Words often mislead us.
This is normal.
I spent much of my first book
talking about how words like
had misled me.
Words do often lead our attention.
Yet, where the attention is led
can surprise us,
because words only have meaning in context,
And that context resides
not only with the person uttering the word,
but also the person interpreting it.
So much of our verbal disagreements happen
because we are unwilling
to let others lead our attention
to their meaning.
We’re more interested in arguing
that their use of the word is “wrong” or “bad,”
while our use is “right” or “good.”
Except we’re back to the problem solver’s mindset.
Let us be honest.
Is this mindset helping us solve the problem?
It may be time
to the paradox dissolver’s mindset.
If an “event” that happens is the tip of the iceberg,
“context” is the rest of the iceberg.
If my saying something is an event,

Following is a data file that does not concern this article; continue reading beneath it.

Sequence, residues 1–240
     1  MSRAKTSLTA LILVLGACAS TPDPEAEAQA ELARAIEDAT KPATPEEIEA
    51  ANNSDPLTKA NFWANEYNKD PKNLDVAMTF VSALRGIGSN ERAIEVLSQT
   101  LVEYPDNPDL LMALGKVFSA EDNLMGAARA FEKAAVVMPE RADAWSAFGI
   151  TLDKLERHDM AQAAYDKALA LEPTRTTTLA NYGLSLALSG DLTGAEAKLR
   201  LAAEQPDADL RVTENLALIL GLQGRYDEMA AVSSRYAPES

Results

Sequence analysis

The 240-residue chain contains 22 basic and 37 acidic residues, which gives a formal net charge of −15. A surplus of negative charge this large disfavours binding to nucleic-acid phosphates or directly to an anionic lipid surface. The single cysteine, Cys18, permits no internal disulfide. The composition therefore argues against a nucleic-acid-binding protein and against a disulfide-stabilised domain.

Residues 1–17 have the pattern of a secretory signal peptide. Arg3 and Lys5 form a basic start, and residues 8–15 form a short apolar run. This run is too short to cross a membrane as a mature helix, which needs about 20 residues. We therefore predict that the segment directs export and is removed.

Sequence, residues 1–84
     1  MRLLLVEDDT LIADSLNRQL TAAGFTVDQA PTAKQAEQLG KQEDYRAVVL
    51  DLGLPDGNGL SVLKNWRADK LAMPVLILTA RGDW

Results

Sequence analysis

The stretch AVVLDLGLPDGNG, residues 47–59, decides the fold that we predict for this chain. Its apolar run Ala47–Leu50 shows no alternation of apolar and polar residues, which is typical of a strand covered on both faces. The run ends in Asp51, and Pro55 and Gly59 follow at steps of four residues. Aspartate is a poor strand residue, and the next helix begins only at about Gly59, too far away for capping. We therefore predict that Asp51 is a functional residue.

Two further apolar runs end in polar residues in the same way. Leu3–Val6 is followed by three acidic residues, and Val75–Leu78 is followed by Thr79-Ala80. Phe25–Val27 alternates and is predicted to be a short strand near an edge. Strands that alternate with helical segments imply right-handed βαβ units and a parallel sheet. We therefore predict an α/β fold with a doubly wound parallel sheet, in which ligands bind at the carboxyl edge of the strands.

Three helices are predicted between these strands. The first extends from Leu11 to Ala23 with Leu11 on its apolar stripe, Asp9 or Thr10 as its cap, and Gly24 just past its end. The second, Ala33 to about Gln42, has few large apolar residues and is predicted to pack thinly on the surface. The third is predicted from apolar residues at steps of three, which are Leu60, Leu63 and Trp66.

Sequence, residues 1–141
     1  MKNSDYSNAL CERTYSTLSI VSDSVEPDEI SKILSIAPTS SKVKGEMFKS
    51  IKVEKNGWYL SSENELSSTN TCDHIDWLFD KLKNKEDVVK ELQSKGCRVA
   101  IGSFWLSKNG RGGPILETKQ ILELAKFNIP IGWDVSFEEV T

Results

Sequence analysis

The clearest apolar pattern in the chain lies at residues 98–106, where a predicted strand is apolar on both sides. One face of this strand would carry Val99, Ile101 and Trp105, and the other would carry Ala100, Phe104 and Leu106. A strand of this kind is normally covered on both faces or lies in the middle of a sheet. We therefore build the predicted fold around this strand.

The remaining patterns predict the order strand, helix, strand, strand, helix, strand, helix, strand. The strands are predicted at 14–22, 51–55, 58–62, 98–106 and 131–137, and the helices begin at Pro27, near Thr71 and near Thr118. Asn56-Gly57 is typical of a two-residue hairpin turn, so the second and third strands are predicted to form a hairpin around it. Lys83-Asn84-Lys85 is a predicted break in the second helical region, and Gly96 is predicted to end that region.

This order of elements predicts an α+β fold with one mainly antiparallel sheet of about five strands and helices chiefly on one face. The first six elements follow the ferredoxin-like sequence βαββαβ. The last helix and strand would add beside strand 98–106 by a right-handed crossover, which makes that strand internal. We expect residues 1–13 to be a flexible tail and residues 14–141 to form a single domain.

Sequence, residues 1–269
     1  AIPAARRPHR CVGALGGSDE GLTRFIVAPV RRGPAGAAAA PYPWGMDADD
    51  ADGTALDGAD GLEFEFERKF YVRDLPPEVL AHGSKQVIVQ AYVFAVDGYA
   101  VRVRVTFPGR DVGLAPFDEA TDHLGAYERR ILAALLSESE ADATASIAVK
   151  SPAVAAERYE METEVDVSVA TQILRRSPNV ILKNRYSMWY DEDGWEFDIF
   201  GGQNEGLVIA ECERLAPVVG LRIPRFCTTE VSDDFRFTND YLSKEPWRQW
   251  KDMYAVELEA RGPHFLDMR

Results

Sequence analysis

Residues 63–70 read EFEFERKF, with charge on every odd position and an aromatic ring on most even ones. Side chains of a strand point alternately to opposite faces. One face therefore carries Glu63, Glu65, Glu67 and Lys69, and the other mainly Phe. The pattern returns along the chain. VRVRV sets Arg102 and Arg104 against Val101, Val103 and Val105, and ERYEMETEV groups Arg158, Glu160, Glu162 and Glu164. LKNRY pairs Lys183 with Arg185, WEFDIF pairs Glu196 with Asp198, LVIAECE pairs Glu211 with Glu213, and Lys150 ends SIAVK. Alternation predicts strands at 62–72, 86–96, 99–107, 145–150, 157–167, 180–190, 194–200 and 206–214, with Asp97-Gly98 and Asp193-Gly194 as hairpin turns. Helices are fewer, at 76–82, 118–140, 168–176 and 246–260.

its context includes
When we hear what others say,
we often use the first context that comes to mind
to make meaning from their words.
This can lead to misunderstandings.
We only understand the words of others
when we interpret their words
in conjunction with a context sufficiently similar
to the context that gave rise to their words.
So to better understand the word of others,
we often need to momentarily let go
of the first context that comes to mind.
Some of you replied to my last email asking how micro-managing can be good.
I’ll answer in a roundabout way.
My clients aspire to do good as leaders.
Good to employees, customers,…
It’s like wanting to be good parents.
Who can argue with that?
The irony is that trying to do good has not made an impact or made things worse.
This is one reason why realizing empathy is so critical.
We have an image of what “good” looks like.
But that’s what we think.
Doesn’t mean others will also appreciate the image as “good.”
I owe one of my most amazing growth experience to being micro-managed.
To be empathic is to be context-sensitive.
Our “good(s)” are unappreciated? We’ve misunderstood the context.